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April 15, 2005
We Are the WarBy Greyhawk
Vietnam veteran and author John Harriman returns to Mudville with the sixth installment of his series Warrior to Warrior, letters from a Vietnam veteran to our soldiers in Iraq. See the intro to the series here).
IS IRAQ ANOTHER VIETNAM?
Dear Warrior . . .
I spoke to one of your mothers before our send-off ceremony here in our small town for the Montana soldiers going to Iraq. She said her son wanted to know, "What's the big deal about going to Iraq? It's just our job."
I'd guess most of you would have the same reaction to Vietnam: What's the big deal? It's ancient history.
It's more than a word, more than history. It's a word like Woodstock to your parents' generation. Or 9/11 in your own time. (Okay, so 9/11 is a number, but you get the point.) Vietnam is more. It's an emotion, a symbol of something deeply felt, a combat internal just beneath the skin of America.
Ask two questions of anybody who lived Vietnam, civilian protestor or military vet. First ask whether we won or lost World War II. What you'll get is a laugh. And something like this: Of course we won, you idiot. Don't you read your history?
Okay, so WWII truly is history.
Then ask if we won or lost in Vietnam. What you'll see is heat. What you'll hear is invective. That's not history. That's emotion. The emotion of politics, Tonkin, dissent, betrayal, parades or no parades, shame, spit-a host of images. All of them edgy.
So we come gingerly to the question: Is Iraq another Vietnam?
Let's set aside the politics and emotion and come at it from a soldier's point of view.
I wrote these letters and the book they will eventually compose because I felt a spike in the emotional temperature of America after we won the conventional war in Iraq. Right away the military was asked to win the peace. You are being asked to Iraqi-ize the country in much the same way, and using just as awkward a term, soldiers were to Vietnamize that war, that is removing a military threat and turning their country over to the people.
All at once, all the same arguments about our soldiers as anti-insurgent forces bubbled up. We heard words like quagmire, unwinnable and, of course, Vietnam.
We veterans of Vietnam know a thing or two about that word and those feelings. Even if we fall on opposite sides of the political fence.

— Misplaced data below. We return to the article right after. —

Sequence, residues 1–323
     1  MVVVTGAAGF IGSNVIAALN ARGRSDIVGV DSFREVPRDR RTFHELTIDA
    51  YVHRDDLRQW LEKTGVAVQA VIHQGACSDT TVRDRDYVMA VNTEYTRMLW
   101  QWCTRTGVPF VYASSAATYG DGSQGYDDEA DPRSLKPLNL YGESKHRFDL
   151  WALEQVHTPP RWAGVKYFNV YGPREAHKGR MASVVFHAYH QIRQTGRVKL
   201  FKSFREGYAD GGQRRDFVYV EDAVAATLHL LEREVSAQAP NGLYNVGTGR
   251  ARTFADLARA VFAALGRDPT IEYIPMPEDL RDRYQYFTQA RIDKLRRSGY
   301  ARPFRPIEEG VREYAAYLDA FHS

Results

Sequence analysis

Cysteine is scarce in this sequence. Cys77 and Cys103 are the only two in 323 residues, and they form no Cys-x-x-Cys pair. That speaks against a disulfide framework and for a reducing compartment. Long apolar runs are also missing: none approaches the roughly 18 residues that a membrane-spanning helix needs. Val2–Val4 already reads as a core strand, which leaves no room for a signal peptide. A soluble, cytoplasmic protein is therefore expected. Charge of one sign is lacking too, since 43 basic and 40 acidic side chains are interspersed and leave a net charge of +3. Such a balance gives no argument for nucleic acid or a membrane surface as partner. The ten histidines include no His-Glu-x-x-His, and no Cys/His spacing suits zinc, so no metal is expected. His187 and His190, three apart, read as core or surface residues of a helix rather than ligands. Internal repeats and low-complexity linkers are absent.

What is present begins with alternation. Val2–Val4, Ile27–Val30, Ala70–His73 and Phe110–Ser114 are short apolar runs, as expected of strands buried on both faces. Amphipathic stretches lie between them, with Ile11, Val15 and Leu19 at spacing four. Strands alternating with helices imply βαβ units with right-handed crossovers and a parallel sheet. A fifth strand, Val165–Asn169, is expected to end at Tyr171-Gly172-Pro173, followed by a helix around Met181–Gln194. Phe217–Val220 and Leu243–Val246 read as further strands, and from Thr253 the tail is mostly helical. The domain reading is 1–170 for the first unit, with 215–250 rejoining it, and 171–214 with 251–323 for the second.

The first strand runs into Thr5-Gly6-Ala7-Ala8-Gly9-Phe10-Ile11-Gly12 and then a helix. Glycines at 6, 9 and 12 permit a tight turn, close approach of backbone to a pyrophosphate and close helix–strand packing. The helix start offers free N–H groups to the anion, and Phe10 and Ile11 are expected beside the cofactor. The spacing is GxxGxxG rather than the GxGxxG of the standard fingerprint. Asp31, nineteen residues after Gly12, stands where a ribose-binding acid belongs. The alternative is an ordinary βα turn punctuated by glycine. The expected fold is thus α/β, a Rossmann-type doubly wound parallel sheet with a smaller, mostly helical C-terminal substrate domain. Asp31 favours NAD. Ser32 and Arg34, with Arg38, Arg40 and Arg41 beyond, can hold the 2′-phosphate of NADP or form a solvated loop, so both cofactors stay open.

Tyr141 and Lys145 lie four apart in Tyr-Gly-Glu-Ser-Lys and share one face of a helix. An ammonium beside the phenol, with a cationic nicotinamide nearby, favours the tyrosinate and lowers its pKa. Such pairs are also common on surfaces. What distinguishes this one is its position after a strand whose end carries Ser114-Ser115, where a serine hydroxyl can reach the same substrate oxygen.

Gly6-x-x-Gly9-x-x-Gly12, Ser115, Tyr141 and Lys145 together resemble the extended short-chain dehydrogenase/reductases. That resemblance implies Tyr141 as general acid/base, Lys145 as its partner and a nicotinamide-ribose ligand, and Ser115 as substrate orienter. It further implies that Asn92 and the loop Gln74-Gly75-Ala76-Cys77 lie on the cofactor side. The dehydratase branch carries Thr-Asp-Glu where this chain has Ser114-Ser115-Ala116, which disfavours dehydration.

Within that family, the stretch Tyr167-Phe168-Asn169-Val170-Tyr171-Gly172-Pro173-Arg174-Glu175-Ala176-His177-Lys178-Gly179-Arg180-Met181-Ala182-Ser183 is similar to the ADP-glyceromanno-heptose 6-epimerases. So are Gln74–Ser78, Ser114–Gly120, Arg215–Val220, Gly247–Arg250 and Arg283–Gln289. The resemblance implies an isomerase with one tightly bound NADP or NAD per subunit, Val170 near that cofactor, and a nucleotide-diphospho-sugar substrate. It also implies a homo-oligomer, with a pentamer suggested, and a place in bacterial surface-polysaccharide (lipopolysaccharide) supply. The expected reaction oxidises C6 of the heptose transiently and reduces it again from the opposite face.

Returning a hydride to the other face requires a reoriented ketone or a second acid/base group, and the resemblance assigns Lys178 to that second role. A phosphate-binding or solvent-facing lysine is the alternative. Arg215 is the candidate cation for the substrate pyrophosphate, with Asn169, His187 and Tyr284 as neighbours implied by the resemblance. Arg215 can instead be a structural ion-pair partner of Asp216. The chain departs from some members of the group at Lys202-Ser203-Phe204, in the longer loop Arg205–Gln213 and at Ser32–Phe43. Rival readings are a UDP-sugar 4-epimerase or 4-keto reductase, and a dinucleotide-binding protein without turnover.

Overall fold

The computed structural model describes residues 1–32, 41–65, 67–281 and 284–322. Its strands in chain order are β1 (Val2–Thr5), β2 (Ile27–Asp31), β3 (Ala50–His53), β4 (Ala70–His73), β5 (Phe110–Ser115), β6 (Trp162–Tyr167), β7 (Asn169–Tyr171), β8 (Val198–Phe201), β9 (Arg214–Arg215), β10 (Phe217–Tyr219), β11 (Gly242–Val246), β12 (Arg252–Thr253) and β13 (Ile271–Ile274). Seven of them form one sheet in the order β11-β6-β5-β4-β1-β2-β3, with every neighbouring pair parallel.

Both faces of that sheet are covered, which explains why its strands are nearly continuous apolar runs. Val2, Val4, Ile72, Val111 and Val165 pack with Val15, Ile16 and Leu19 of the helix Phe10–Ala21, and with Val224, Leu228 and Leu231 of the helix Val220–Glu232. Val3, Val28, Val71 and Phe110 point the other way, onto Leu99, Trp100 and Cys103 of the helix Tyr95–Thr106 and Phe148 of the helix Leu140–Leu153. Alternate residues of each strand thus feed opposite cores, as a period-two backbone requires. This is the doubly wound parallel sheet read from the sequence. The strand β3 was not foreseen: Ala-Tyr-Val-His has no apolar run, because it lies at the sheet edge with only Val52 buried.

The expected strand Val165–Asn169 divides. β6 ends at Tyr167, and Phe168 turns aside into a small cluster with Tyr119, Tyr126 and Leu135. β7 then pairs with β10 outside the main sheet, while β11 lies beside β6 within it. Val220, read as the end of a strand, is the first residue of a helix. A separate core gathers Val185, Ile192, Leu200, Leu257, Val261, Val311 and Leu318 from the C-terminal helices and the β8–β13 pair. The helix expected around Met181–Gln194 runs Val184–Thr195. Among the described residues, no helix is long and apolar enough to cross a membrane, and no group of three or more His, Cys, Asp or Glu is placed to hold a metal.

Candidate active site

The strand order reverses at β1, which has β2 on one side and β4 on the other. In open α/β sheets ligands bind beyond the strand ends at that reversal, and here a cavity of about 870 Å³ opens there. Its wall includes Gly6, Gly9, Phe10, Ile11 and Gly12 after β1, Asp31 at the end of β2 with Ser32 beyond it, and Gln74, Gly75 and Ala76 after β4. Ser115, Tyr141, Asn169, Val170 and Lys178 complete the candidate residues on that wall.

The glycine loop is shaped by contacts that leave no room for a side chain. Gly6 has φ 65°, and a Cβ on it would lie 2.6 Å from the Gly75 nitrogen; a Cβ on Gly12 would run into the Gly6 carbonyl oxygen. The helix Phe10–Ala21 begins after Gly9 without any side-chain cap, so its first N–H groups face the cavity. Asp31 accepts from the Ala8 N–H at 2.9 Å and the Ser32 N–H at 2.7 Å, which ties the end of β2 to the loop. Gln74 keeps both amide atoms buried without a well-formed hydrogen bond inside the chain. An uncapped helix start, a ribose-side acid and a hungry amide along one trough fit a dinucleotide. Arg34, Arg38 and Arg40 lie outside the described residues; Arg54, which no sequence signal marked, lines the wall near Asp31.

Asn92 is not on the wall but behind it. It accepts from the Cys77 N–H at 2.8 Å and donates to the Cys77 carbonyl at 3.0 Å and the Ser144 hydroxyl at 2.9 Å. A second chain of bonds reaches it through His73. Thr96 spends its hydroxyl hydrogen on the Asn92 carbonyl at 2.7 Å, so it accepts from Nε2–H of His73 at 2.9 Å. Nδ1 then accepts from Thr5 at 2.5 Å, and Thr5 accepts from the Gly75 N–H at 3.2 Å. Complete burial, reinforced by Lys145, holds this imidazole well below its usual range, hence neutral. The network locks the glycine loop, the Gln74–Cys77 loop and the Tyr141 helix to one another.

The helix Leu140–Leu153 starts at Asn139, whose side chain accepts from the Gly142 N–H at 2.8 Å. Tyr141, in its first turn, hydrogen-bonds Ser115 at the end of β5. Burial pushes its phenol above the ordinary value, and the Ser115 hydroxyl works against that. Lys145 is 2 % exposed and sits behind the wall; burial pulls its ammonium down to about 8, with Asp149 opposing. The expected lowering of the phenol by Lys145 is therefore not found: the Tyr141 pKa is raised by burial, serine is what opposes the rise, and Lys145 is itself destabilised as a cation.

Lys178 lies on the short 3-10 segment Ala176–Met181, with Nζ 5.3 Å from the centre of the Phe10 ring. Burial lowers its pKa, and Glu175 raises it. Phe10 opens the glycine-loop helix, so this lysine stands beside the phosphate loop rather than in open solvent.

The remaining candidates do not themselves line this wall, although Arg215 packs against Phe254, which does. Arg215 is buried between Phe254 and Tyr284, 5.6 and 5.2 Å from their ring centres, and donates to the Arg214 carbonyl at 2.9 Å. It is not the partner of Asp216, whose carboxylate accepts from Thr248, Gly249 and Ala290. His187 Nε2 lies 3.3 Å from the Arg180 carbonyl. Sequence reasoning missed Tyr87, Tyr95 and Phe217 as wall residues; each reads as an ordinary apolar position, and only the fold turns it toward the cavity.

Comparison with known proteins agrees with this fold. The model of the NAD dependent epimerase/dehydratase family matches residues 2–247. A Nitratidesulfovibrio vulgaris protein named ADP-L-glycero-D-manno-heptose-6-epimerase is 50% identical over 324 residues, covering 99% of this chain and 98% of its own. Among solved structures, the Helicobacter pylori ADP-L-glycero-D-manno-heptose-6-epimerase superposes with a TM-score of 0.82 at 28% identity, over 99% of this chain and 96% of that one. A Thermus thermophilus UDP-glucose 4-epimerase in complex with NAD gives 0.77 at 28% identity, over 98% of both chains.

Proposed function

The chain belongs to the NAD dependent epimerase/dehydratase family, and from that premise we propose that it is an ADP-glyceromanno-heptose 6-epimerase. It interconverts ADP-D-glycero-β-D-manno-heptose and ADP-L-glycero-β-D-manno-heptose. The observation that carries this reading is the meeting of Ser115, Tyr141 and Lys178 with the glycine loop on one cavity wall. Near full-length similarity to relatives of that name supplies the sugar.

What we know, we can share with you. Think of it as a kind of survival guide like Rogers' Rangers standing orders from the pre-Revolution era. Maj. Robert Rogers wrote 19 instructions. Simple, straight, sensible things, like no. 1: Don't forget nothing. And no. 14: Don't sit down to eat without posting sentries. If you can't find the standing orders in your army literature, you can Google them in an instant.
You'll find a single theme running through all 19 of them: Never let down your guard.
It's the theme that runs through the head of every combat veteran, especially as the shooting war peters out. In even the most vigorous training test, you can always close your eyes and shut down your mind with the thought: This is only a test; it's only a test; I need the sleep so I can pass the test.
In the war zone, every time you want to shut your eyes, repeat a different mantra: This is not a test, not a test; If I slack off now, I may never wake up.
A lot of men died in earlier wars just because they slacked off. Don't.
Till next week . . .
God bless you and Godspeed.
Posted by Greyhawk / April 15, 2005 6:40 PM | Permalink
November 26, 2010
I think anyone who's ever pondered the "comment" option - once only available on blogs and bulletin boards, now ubiquitous on almost any web site - will appreciate this:
The so-called faculty of writing is not so much a faculty of writing as it is a faculty of thinking. When a man says, "I have an idea but I can't express it"; that man hasn't an idea but merely a vague feeling. If a man has a feeling of that kind, and will sit down for a half an hour and persistently try to put into writing what he feels, the probabilities are at least 90 percent that he will either be able to record it, or else realize that he has no idea at all. In either case, he will do himself a benefit.
That's wisdom from the past, captured for posterity at the US Naval Institute, shared via the web on the institute's 137th anniversary.
From their about page:
"The Naval Institute has three core activities," among them, History and Preservation:
The Naval Institute also has recently introduced Americans at War, a living history of Americans at war in their own words and from their own experiences. These 90-second vignettes convey powerful stories of inspiration, pride, and patriotism.